In Chitral

Jeremy Bernstein

Sometime in the winter of 1969 a Pakistani colleague told me that the Ford Foundation had created visiting professorships at the University of Islamabad and asked if I would like one. At the time I was always open to travel adventure so I said sure. After I was appointed, the question arose as to how to get there. To me the obvious answer was to drive. I put the proposition to William Shawn, the editor of the New Yorker, who thought it an interesting idea. The magazine put up enough money for me to buy a Land Rover Dormobile. This legendary vehicle, which is no longer manufactured, had sleeping bunks and a stove – perfect for the job. I enlisted my friend the Chamonix guide Claude Jaccoux and his wife Michèle and in early September we set out. It took about three weeks to drive from France through Italy, Yugoslavia, Greece, Turkey, Iran and Afghanistan and then over the Khyber Pass into Pakistan.

On arrival in Islamabad I called my hosts at the university and they were very apologetic. The university was closed for a month as a punishment for some student agitation which had displeased the government. To me this was wonderful news: we would have a whole month to explore the North-West Frontier region of Pakistan. We drove to Chitral over the Lowari Pass, where the historian Arnold Toynbee had been stopped by a snowstorm a few years earlier while trying to retrace Alexander the Great’s path through Afghanistan and Pakistan.

Toynbee believed that the Kalash people – who live in three isolated valleys, Rumbur, Bumberet and Birir, a day’s walk from Chitral – were descendants of Macedonian soldiers. Alexander certainly brought his army into what is now Pakistan – which turned out to be a fatal mistake – and it is at least conceivable that some of them stayed but there’s no evidence that the Kalash are their descendants. They speak Kalasha-mun which is, like Sanskrit, an Indo-Aryan language.

Chitral was a two-day drive from Islamabad. The first day we drove to Dir, at the foot of the Lowari Pass. The next day we started up the Lowari with Jaccoux at the wheel. He is a virtuoso alpine driver. It was the most serpentine road I have ever seen. I cannot imagine doing it in any kind of bad weather. (A few years ago they opened a tunnel but work continues and it is often closed.) On reaching the other side the road runs pleasantly along the river to the town of Chitral. Chitral was a so-called princely state presided over by a mehtar. It had been suggested that we call on him to make our presence known. We found him in the office of the air field, on the radio, trying to persuade a pilot to come over a cloudy Lowari to pick him up. Having made our greetings we checked into a wonderful old guest house. The next day we crossed the river with the Land Rover and headed up the other side.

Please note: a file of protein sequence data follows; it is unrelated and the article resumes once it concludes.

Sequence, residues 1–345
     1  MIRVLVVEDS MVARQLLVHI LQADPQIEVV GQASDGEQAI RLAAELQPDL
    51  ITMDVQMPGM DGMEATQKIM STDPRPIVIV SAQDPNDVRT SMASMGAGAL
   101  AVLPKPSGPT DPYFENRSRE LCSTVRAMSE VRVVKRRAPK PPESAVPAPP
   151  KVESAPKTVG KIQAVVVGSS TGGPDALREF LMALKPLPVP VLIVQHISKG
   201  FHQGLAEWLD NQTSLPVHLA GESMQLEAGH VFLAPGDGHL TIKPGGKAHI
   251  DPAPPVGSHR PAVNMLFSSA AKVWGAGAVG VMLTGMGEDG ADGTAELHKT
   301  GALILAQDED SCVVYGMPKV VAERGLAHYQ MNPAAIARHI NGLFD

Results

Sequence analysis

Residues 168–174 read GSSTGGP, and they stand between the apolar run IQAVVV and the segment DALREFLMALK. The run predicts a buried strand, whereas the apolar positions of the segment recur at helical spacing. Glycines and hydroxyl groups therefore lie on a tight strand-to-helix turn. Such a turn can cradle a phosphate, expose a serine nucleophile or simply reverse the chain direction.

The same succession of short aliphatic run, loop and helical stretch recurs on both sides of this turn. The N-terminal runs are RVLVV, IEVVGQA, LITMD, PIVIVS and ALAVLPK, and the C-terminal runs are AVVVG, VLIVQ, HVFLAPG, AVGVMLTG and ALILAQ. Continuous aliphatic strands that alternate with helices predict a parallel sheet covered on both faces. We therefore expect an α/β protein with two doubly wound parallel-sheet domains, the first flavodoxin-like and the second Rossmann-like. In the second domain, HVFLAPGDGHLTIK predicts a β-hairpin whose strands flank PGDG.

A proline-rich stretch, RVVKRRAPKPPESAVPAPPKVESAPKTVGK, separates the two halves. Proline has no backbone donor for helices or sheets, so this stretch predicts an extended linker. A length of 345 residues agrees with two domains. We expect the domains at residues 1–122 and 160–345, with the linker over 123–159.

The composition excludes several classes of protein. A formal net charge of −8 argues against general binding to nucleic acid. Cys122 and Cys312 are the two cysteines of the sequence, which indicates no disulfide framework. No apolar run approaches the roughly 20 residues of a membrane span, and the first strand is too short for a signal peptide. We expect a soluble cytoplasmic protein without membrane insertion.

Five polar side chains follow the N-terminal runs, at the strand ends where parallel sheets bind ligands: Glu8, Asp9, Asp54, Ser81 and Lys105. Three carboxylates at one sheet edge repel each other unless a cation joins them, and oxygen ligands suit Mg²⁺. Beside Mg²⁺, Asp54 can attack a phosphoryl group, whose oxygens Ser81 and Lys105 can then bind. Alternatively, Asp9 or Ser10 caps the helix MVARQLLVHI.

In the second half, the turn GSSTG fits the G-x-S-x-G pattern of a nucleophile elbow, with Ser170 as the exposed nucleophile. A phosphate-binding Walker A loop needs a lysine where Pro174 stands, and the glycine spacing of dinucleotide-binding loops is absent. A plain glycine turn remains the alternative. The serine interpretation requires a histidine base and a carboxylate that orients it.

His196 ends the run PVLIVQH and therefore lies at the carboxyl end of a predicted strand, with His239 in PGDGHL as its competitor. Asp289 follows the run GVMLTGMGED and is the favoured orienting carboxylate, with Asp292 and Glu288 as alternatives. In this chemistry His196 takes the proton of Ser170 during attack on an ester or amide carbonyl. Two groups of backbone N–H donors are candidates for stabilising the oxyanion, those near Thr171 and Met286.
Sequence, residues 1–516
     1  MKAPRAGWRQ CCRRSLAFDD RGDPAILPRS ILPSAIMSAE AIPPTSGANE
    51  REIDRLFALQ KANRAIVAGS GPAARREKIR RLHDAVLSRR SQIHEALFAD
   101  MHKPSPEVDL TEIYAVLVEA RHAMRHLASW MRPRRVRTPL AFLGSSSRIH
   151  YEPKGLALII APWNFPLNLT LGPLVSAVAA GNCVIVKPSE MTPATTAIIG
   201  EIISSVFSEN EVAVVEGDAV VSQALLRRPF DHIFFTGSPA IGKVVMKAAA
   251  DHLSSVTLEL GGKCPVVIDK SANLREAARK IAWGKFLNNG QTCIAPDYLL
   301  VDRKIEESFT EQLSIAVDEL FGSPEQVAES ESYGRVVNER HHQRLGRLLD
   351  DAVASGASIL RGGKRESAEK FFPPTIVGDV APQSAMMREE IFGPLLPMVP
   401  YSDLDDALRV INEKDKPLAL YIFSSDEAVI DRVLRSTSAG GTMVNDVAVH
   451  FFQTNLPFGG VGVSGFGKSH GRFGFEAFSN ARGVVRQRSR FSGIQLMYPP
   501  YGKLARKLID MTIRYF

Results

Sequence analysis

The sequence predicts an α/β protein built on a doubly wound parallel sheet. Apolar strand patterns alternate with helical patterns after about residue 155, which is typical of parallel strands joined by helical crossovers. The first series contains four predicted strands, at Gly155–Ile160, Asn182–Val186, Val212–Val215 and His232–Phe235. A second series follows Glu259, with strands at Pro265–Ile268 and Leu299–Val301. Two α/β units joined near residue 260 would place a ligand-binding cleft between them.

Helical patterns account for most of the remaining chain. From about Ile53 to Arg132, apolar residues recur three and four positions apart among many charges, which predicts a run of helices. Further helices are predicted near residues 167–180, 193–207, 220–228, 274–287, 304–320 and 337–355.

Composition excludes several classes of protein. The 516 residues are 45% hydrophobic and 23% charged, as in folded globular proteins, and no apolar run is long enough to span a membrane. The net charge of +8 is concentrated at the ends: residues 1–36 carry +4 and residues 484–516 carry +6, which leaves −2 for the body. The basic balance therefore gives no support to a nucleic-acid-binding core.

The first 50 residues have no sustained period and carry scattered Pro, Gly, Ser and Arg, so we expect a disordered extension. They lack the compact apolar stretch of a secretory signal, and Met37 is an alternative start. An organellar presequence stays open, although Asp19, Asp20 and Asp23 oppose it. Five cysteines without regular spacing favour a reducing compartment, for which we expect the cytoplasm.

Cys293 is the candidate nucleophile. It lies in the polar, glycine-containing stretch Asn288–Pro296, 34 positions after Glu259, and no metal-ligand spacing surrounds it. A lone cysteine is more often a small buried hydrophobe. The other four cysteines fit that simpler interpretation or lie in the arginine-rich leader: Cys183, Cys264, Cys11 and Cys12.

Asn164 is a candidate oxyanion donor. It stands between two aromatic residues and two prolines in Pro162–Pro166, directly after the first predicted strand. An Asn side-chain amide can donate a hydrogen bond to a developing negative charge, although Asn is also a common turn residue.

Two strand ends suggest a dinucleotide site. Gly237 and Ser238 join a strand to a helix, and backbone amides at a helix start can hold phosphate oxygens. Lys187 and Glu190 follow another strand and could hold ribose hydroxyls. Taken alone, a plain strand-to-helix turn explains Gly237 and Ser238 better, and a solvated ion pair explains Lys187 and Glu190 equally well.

The government of Pakistan had taken over the princely states that summer and the army was present in Chitral. An officer pointed out where we should go to get to the valleys where the Kalash live. The trail up was wide and well-maintained. The odd European crossed our path and after a couple of hours we came to a wide and very pretty valley: Bumboret. On the way up we spotted some farmers; they seemed to have no interest in us. We found a rustic building that looked like some sort of guest house. It had no facilities but we had brought sleeping bags and enough food to get us by for a couple of days.

When we were settled in I explored the village. I came to a substantial building and walked in. The only people there were women. I had stumbled into a ‘bashaleni’, a place where menstruating women go. They found my intrusion extremely funny and I beat a hasty retreat. Later a woman came by our little encampent and sold us some wine. It was pretty awful. We had no common language so I could not ask her anything. It was very clear that whatever we were seeing had nothing do with the Muslim culture of Pakistan.

Toynbee died in 1975. I wish I had had the chance to tell him what he would have found in Chitral if he had been able to get there. A recent report I read in Dawn said that if he or I went there now we might find a culture in the process of disappearing. There are fewer than four thousand Kalash people left. They have fewer visitors, too:

Due to the deteriorating security situation, foreign tourists have confined themselves to visiting the town only. The provision of a security guard for each tourist doesn’t help create a perception of security.

When we went there was no sense of any danger. The people went about their business and we went about ours.

The real Greek influence in this part of the world is visible in Greco-Buddhist art, of which the most famous examples were the huge statues at Bamiyan in Aghanistan. We visited them on our trip. The Taliban blew them up in 2001.


  • 6 July 2019 at 2:32pm
    Jeremy Bernstein says:
    There is something I did not have the space to discuss so let me say a few words here. As mentioned in the text the Kalash speak and early version of Sanskrit. They use basically the Sanskrit number system which if you look at it bears a striking resemblance to the Greek number system. These resemblances to Greek were especially emphasized by Sir William Jones in the 18th century. The explanation given and I think generally accepted is that these languages have a common origin in what is called Proto Indo European-PIE.No written examples of this language is known and the number system is reconstructed from the modern languages. But who were these people and how did they get to India? One romantic view is that they succeeded in domesticating the horse and rode into these countries on horseback or in chariots.